NASA said that the second and fourth most significant satellite   breakups   are   Cosmos   2251   and Iridium 33 spacecraft, which were involved in

The first ever accidental satellite collision February 2009.

“While over 68% of   the Cosmos debris cloud remains on orbit, only 58% of the Iridium cloud is on orbit, due in part to the higher area-to-mass ratio bias of the latter cloud. Because of their relatively high altitude, these clouds will continue to present a hazard for decades to come, NASA said.

Here are the top 10:

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Aside from the top 10, NASA made note of some other recent break-ups that are leaving more debris in orbit:

In late November 2015, the decommissioned U.S. weather satellite NOAA-16 experienced a fragmentation event, resulting in a substantial debris cloud. There is no indication that the breakup was anything other than an explosion, possibly due to a battery failure.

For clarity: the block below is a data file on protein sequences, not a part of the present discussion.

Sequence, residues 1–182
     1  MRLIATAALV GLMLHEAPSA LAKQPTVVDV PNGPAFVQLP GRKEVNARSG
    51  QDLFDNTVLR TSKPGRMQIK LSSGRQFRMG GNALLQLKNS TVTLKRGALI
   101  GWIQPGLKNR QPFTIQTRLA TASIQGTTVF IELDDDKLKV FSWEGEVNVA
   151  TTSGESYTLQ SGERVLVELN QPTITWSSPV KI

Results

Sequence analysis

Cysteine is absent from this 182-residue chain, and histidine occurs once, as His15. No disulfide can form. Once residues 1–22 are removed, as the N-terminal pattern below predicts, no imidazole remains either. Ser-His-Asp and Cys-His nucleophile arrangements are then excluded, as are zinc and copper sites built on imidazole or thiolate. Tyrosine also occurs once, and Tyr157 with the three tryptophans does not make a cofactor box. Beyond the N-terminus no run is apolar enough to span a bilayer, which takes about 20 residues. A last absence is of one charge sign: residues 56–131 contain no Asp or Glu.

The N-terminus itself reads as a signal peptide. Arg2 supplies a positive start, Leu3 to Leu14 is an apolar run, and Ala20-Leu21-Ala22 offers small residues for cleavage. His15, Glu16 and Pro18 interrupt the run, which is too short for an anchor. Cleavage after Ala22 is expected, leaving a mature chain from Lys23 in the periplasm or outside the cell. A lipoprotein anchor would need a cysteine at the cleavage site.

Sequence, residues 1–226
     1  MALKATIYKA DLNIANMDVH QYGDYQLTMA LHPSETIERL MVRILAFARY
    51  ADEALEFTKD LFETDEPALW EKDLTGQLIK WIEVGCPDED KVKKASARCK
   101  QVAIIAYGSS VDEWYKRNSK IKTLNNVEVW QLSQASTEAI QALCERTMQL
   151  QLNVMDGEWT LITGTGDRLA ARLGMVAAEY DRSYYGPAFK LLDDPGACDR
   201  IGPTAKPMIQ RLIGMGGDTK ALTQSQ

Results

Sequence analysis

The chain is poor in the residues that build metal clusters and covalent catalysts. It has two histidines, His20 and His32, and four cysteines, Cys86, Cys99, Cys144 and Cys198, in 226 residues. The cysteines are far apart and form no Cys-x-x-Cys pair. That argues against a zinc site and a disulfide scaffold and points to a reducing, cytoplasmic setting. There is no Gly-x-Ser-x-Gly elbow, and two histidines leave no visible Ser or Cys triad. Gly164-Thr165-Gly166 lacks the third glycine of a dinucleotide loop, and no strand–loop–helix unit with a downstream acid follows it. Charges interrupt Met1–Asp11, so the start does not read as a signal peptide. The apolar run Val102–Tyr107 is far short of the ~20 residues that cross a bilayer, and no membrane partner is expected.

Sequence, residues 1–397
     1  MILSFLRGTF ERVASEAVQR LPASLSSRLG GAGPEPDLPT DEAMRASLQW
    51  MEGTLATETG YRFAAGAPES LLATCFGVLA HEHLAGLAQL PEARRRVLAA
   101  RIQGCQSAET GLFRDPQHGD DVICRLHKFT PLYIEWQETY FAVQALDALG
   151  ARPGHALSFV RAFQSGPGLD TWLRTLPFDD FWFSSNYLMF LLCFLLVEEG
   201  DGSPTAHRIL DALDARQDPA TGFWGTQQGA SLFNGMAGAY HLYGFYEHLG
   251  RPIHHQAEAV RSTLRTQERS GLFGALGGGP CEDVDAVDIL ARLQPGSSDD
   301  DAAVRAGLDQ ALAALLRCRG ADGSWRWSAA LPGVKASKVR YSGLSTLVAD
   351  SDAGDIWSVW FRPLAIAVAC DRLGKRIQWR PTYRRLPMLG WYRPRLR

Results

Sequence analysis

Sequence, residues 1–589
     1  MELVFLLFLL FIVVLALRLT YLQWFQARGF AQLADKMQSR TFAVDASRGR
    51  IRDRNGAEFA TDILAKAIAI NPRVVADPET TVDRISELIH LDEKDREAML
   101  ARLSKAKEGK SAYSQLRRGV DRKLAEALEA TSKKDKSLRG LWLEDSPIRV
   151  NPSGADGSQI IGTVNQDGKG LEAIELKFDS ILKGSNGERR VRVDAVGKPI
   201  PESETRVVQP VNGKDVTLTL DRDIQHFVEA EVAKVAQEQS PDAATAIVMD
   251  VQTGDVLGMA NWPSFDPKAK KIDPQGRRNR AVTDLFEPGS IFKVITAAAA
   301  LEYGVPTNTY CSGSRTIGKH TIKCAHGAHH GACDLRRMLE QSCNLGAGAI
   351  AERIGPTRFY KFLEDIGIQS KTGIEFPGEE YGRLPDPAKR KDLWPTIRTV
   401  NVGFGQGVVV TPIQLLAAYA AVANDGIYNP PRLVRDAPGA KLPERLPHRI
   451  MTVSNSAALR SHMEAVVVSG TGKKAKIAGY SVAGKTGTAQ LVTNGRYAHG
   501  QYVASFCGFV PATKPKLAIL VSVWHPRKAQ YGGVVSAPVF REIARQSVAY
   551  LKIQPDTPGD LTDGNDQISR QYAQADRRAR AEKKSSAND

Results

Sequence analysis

A System Obespecheniya Zapuska ullage motor from a Proton Block DM fourth stage broke up at approximately 12:12 GMT on 26 March 2016. These motors have a long history of fragmentations. This event is the 44th breakup of this class of object over its history and the first since 2014. Ullage motors, used to settle propellants prior to an engine. Given difficulties in tracking objects in elliptical and deep space orbits, there could be many more fragments on orbit.
The Briz-M upper stage associated with the launch of Canada’s Nimiq 6 communications satellite fragmented on 23 December 2015 at approximately 16:00 GMT. The object consists of the core body of the Briz-M upper stage, the separable Auxiliary Propellant Tank having been jettisoned earlier in the launch sequence. As of 3 April 2016, eight debris had officially entered the SSN catalog in addition to the parent object.
A debris object associated with the launch of Russia’s Spektr-R radio astronomy satellite fragmented on 3-4 August 2015. The object is described as one of five debris objects cataloged with this launch. The event, of unknown cause, produced a total of 24 debris. As of 3 April 2016 none had entered the SSN catalog.